Google plans on sunsetting third-party cookies sometime late next year.
Though the ad tech industry is in constant conversation about what this means (spoiler: most people don’t exactly know and first party data really matters), it’s still important to keep updated as new developments arise.
Here’s a check-in on the latest updates regarding alternative cookie solutions.
With cookies depreciating, an alternative is necessary
With the removal of the industry standard for digital tracking, many companies have developed alternative solutions—creating a frenzy of ad tech deals. Leaders have questioned which alternative solution will emerge as the next industry standard?
Right now there are more than 100 alternative identity and contextual solutions coming to market, according to continuing analysis by MMA Global and Prohaska Consulting. Though exciting, this hyperactivity is not sustainable. Buyers and sellers need to have compatible data and technology.
For this reason, ad tech leaders are paying attention to alternative IDs that are gaining the most steam.
The Unified ID 2.0, (UID 2.0) which was originally developed by the Trade Desk, is becoming increasingly prevalent. Advertising companies like Publicis, Omnicom Media Group, LiveRamp, Lotame, IP5, Index Exchange, Magnite, PubMatic, OpenX, SpotX and most recently IPG have signed on in support of the technology.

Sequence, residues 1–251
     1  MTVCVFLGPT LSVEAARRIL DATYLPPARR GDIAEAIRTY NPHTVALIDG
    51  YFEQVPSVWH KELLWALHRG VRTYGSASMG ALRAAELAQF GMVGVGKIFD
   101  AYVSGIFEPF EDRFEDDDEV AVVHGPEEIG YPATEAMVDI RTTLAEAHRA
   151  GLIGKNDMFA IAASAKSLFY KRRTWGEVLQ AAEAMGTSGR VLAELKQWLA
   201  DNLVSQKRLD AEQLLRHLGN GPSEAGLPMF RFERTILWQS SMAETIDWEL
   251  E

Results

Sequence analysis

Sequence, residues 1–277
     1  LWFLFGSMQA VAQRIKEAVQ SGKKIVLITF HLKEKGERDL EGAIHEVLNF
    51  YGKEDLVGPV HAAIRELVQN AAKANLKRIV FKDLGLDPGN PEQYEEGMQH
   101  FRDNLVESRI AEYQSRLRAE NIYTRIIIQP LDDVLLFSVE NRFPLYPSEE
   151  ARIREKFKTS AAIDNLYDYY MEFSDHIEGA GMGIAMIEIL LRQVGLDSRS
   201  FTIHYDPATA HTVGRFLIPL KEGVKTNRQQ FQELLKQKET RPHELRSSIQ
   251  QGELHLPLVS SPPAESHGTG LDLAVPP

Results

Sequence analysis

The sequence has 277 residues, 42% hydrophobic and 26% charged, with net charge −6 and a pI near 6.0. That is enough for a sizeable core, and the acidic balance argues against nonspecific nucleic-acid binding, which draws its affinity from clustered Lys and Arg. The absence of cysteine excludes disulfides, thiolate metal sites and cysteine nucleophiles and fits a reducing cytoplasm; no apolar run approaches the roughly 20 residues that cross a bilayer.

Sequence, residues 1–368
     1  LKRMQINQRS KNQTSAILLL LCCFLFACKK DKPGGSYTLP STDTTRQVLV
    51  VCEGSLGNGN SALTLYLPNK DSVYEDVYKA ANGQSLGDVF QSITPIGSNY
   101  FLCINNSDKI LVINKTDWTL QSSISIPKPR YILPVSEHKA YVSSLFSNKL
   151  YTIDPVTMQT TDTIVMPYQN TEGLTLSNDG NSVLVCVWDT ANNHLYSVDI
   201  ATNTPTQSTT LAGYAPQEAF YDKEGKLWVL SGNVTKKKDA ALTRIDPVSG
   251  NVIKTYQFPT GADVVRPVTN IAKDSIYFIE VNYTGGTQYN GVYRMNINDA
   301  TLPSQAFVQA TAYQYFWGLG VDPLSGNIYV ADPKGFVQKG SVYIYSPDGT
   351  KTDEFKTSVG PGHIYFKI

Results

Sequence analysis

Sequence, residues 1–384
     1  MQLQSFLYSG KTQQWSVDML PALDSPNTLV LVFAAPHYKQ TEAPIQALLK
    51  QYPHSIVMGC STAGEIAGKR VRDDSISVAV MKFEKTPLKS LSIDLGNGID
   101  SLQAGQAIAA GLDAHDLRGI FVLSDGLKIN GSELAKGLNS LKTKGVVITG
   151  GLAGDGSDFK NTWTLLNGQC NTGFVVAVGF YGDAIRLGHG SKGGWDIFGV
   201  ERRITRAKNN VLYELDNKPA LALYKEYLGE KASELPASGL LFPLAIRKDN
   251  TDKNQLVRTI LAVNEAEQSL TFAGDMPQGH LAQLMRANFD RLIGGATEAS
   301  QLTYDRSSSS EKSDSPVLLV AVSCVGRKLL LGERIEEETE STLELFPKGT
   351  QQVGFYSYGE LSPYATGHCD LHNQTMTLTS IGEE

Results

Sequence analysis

Companies appreciate the UID 2.0 because it’s transparent, open source under an industry body run by the IAB Tech Lab, and perhaps more importantly, it can be used within a company’s own privacy walls.
In March, the UID 2.0 entered beta in the States and it recently began beta testing in Canada. It’s a key time for publishers, agencies and other businesses to experiment with the technology to see if it’s a good fit.
Xandr builds flexible platform to bring multiple solutions together
While companies seek a new industry leader, flexibility will be key.
Xandr, AT&Ts ad platform, announced that it will be accommodating different needs and choices. The digital marketplace will support nearly all future ad IDs, including Unified ID 2.0, LiveRamp’s Authenticated Identity Infrastructure and netID in Europe.
“Xandr has been head’s down evaluating the many ways we can flexibly support our clients on both sides of the marketplace, as we approach the deprecation of third-party cookies and identifiers,” said the company.
Especially after COVID, companies recognize the need to be nimble. With this approach, buyers and sellers will have a common currency even if they choose a different identifier.
What will Google do, or be allowed to do?
Though there are clearer paths forward than there was last year, there are still many looming questions. Google has explicitly stated that it will not work with alternative solutions.
At the same time, Google is under investigation by the U.K.’s Competition and Markets Authority (CMA). It has massive droves of data. By removing the cookie and not supporting alternatives, the company may be found to be abusing its market dominance, breaching competition law.
Google faces similar monopoly lawsuits in the United States, though not tied to the demise of the cookie.
Google is cooperating with the CMA and asking for industry feedback on their Privacy Sandbox initiative.
Many questions still linger, but the mood may be shifting from frustration to a new sense of opportunity. And with some solutions becoming more ubiquitous, like Unified ID 2.0, there may be more clarity about which options companies should experiment with over the next year.
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